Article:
He might have been a power-mad despot but he knew a thing or two did "Old Boney", and I cannot help but think it was fate which led to my first encounter with the New Zealand Health Service.
And so begins the story.....
I must apologise in advance for labouring through the circumstances leading up to my chance encounter with the medical services, but I feel these events themselves are worthy of mention before I take you to the Medical Centre.
Firstly fate conspired to match an early-finish meeting with an unusually low tide, which provided ample time and opportunity for a spot of evening rock fishing - not the easiest or best way to catch your dinner but usually a bit of fun and a chance to watch a fantastic sunset and catch up with a couple of mates. So me and a mate head off down to the local beach for a couple of hours.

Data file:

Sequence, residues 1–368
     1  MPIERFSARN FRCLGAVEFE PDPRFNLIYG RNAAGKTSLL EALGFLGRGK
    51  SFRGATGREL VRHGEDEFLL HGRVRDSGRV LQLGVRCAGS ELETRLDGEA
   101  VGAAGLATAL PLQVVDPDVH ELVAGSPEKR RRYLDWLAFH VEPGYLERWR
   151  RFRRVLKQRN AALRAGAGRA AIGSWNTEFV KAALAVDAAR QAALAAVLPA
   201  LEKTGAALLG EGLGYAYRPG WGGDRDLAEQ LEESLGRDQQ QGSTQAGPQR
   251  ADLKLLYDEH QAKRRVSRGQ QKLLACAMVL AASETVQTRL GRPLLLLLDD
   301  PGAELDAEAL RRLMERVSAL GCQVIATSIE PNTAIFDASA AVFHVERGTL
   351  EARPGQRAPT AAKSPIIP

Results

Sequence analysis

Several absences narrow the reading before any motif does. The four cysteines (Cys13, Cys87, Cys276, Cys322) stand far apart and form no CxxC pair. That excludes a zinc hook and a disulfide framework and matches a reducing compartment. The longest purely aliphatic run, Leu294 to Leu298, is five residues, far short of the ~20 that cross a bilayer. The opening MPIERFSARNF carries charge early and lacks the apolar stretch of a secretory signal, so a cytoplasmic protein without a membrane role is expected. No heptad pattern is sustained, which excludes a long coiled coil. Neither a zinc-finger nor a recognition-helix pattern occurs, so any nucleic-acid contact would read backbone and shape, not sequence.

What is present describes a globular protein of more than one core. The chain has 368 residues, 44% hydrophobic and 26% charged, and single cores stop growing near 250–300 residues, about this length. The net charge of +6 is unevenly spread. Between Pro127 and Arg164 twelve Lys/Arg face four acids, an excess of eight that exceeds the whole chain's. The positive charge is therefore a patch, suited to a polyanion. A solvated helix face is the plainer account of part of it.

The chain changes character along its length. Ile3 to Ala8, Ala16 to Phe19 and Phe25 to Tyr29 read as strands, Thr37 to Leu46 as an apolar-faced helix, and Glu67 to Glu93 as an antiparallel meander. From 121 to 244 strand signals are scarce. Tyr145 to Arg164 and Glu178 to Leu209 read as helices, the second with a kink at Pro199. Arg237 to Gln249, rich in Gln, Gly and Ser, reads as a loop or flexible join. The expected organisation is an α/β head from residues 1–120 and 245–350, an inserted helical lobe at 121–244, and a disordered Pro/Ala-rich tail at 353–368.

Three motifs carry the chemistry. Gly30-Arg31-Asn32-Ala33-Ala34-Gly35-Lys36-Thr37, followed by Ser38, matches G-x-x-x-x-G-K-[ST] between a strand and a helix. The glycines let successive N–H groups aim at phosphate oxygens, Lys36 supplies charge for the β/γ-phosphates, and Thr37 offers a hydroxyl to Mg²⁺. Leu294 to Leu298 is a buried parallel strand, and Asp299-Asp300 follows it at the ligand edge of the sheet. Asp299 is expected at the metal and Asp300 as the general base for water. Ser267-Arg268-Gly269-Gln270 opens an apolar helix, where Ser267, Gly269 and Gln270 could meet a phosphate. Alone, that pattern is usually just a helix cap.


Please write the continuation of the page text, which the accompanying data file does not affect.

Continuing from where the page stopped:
Not a hugely successful haul - two undersized snapper that had to go back - but it was certainly worth the effort and, after a couple of hours we head back to his place to to sink a quick beer and tell a few fishing lies out on his deck. After one beer - note that well, one beer - it was getting too dark and we both had work the day after, so it was time to head home. We had plenty of stuff to carry (including tonnes of plums for an imminent wine brewing venture) so my mate offered me a lift home. He gathered some stuff together and headed across the back garden towards the car. Chipshaker Junior, true to form, followed him carrying as little as possible, leaving me to gather up a tackle box, two pairs of wet jandals and an 8ft fishing rod.